Above the altar, there was a life-size crucifix with a figure of Christ on the cross. It showed blood flowing down his face from the crown of thorns. The wounds from the scourging were all over his body; his hands and feet were pierced by the nails; his side was opened by the soldier’s lance. It was, indeed, a vivid portrayal of God’s love as shown by Christ’s death: ‘This is the proof of love, that he laid down his life for us’ (1 Jn.3:16). But the most striking feature was that, despite the suffering portrayed, there was an extraordinarily peaceful smile on the sacred face of Christ.
Baptized a Catholic shortly after his birth, Xavier must have had moments of fervour when his eyes strayed to the crucifix during the Mass which the family were privileged to have in their home. Or perhaps, like the orphan Marcellino in the popular Mexican film of that name, he came back on his own to talk to ‘the Man on the cross’.
I could imagine the young Xavier looking up at the suffering Christ on the cross and asking, ‘Why? Why? Why?’ His young mind would have been open to the love that was revealed by the cross. Perhaps, as he looked up at the peaceful smile on the face of Christ, he realized that Jesus was saying, ‘My suffering, Francis, is worthwhile, because my cross will inspire many, like you, to commit themselves in love to the service of others’.
Years later, I thought of Xavier when the father of a young boy told me after Mass that his son had come to him during the previous week and said, ‘I love you, Daddy, and I love Mummy, too, but I love God most of all…’
A Young Man’s Quest
Francis was the youngest of five children. When he was six years old, Navarre was attacked from the neighbouring provinces by the army of Spain. The father of Francis did not survive this disgrace, and he died four months later. His two brothers went off to fight in the war, which continued for two years until at last, in 1514, peace was declared and the sovereignty of Spain over Navarre was accepted.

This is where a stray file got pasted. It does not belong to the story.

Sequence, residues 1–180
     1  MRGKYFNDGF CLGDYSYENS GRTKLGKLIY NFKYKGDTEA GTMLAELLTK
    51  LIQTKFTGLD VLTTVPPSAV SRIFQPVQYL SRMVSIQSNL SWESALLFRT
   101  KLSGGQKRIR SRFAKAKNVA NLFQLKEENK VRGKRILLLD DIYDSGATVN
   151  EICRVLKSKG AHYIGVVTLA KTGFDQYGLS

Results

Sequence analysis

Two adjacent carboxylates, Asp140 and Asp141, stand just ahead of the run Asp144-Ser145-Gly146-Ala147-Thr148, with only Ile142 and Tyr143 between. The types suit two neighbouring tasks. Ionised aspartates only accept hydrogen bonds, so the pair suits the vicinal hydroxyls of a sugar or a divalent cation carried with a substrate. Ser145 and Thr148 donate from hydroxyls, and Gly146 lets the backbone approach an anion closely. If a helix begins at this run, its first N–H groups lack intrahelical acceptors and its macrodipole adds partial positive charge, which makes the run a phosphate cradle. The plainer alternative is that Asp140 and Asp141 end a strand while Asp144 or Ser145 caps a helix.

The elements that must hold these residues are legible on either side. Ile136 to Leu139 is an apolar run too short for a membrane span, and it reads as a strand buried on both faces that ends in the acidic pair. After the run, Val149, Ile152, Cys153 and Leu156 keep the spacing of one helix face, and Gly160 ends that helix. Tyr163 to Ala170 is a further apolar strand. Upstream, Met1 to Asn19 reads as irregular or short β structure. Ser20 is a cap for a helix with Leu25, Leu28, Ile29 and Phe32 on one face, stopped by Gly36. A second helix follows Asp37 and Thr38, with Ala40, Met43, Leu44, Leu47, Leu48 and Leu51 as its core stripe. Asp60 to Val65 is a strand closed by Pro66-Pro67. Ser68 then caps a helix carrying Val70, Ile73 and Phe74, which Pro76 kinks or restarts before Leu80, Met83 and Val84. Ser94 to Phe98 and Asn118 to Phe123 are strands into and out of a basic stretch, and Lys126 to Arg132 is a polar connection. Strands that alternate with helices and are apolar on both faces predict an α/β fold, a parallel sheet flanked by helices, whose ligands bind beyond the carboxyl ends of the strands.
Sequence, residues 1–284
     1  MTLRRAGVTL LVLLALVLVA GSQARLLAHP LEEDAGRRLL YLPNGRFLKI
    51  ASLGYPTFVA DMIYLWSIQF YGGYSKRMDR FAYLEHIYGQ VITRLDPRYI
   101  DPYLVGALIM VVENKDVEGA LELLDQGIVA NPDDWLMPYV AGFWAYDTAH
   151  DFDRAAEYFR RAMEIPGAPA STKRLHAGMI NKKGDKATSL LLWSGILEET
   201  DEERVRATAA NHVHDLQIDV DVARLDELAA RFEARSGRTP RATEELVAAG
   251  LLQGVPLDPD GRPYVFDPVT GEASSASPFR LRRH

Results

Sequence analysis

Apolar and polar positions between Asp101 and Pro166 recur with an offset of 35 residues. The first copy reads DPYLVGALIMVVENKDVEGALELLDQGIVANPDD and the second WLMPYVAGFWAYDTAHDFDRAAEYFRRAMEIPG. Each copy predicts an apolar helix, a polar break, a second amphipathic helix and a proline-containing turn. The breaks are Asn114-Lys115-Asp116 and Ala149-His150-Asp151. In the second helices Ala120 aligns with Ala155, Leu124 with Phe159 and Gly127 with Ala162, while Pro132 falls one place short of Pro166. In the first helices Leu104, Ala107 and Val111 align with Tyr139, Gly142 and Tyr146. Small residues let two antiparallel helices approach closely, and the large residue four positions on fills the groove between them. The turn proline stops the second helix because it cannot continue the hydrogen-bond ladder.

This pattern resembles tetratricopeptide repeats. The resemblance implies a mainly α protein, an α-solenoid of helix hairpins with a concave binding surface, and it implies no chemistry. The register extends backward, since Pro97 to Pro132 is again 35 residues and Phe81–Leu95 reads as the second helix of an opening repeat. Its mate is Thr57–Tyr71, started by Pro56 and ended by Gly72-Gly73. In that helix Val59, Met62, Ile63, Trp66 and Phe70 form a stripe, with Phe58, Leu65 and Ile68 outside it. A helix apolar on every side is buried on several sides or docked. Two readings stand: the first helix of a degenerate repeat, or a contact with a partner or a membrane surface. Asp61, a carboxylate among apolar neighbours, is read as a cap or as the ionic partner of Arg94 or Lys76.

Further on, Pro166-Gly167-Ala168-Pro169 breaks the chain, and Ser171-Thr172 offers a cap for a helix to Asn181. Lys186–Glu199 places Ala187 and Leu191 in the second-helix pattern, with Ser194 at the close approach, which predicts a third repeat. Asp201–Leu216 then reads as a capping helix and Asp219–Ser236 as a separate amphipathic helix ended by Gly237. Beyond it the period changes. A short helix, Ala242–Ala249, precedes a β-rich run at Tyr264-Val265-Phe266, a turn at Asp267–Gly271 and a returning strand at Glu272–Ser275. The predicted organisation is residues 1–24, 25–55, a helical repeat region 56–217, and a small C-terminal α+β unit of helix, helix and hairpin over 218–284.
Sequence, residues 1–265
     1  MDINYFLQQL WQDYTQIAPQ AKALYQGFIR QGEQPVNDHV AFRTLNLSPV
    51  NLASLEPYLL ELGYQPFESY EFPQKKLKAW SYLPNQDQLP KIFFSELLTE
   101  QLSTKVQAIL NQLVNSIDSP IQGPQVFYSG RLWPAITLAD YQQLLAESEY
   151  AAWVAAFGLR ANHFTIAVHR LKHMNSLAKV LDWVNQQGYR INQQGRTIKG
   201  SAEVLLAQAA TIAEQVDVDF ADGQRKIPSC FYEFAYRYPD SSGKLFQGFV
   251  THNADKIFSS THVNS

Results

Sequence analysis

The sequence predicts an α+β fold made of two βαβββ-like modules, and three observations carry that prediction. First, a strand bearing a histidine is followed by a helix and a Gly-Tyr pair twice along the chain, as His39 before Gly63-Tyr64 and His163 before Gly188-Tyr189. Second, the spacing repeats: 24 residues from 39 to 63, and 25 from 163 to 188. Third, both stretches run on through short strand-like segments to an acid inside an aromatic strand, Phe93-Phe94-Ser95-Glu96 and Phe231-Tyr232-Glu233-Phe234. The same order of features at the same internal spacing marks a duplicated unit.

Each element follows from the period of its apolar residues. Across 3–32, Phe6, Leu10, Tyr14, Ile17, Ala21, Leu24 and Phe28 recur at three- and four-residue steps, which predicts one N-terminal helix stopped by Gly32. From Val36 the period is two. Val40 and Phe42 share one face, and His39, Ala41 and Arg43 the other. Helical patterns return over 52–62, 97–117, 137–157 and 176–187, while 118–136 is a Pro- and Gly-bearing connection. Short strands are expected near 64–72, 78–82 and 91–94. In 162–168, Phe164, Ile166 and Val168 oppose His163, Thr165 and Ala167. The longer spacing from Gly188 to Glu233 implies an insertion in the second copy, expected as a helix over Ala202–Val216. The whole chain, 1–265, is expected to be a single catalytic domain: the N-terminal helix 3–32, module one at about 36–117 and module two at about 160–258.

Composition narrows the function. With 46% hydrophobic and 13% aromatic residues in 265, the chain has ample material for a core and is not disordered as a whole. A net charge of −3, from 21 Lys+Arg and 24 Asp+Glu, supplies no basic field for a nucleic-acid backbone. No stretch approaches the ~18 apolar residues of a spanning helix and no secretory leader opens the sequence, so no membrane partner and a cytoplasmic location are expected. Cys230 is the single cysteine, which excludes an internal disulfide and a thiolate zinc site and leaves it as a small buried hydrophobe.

The home and fortunes of the family of Francis were lost as a result of the war. He had to spend the rest of his youth in extremely deprived and challenging circumstances, which must have engendered in this young man a deep sense of insecurity.
But, like another young man of Spain portrayed in the musical, Man of La Mancha, this challenge seems to have engendered in Francis an ambition to excel in life, to achieve a position by which he would be able to help in restoring the family fortunes. Like the Man of La Mancha, he allowed himself ‘to dream the impossible dream, to fight the unbeatable foe, to bear with unbearable sorrow, to run where the brave dare not go…’
As we reflect on the life of Francis Xavier in these commemorative articles, we will, I hope, catch a glimpse of how Francis, too, had a similar quest, first for mundane glories, and then for a ‘heavenly cause’: ‘to follow that star, no matter how hopeless, no matter how far… to be willing to give when there’s no more to give…. to die so that honour and justice may live’.